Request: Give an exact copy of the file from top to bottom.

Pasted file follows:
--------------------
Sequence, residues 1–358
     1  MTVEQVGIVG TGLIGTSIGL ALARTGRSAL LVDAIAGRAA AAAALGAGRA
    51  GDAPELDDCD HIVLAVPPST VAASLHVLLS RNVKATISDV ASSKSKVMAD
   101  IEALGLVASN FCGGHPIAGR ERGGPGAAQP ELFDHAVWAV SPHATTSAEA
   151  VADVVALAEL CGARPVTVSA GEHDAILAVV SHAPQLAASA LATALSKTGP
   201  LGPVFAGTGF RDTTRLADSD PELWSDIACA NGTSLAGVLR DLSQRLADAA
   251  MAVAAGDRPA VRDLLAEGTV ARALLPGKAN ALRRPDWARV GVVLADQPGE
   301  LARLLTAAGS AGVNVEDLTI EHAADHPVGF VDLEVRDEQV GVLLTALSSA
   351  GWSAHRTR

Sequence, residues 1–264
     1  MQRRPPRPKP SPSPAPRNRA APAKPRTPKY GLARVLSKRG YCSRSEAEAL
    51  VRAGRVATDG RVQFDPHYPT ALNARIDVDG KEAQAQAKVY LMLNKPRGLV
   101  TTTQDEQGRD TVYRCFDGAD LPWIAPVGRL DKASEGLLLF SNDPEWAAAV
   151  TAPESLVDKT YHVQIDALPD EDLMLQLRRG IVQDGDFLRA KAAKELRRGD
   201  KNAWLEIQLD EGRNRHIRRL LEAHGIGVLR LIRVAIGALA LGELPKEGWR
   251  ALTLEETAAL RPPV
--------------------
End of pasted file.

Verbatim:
Sequence, residues 1–358
     1  MTVEQVGIVG TGLIGTSIGL ALARTGRSAL LVDAIAGRAA AAAALGAGRA
    51  GDAPELDDCD HIVLAVPPST VAASLHVLLS RNVKATISDV ASSKSKVMAD
   101  IEALGLVASN FCGGHPIAGR ERGGPGAAQP ELFDHAVWAV SPHATTSAEA
   151  VADVVALAEL CGARPVTVSA GEHDAILAVV SHAPQLAASA LATALSKTGP
   201  LGPVFAGTGF RDTTRLADSD PELWSDIACA NGTSLAGVLR DLSQRLADAA
   251  MAVAAGDRPA VRDLLAEGTV ARALLPGKAN ALRRPDWARV GVVLADQPGE
   301  LARLLTAAGS AGVNVEDLTI EHAADHPVGF VDLEVRDEQV GVLLTALSSA
   351  GWSAHRTR

Sequence, residues 1–264
     1  MQRRPPRPKP SPSPAPRNRA APAKPRTPKY GLARVLSKRG YCSRSEAEAL
    51  VRAGRVATDG RVQFDPHYPT ALNARIDVDG KEAQAQAKVY LMLNKPRGLV
   101  TTTQDEQGRD TVYRCFDGAD LPWIAPVGRL DKASEGLLLF SNDPEWAAAV
   151  TAPESLVDKT YHVQIDALPD EDLMLQLRRG IVQDGDFLRA KAAKELRRGD
   201  KNAWLEIQLD EGRNRHIRRL LEAHGIGVLR LIRVAIGALA LGELPKEGWR
   251  ALTLEETAAL RPPV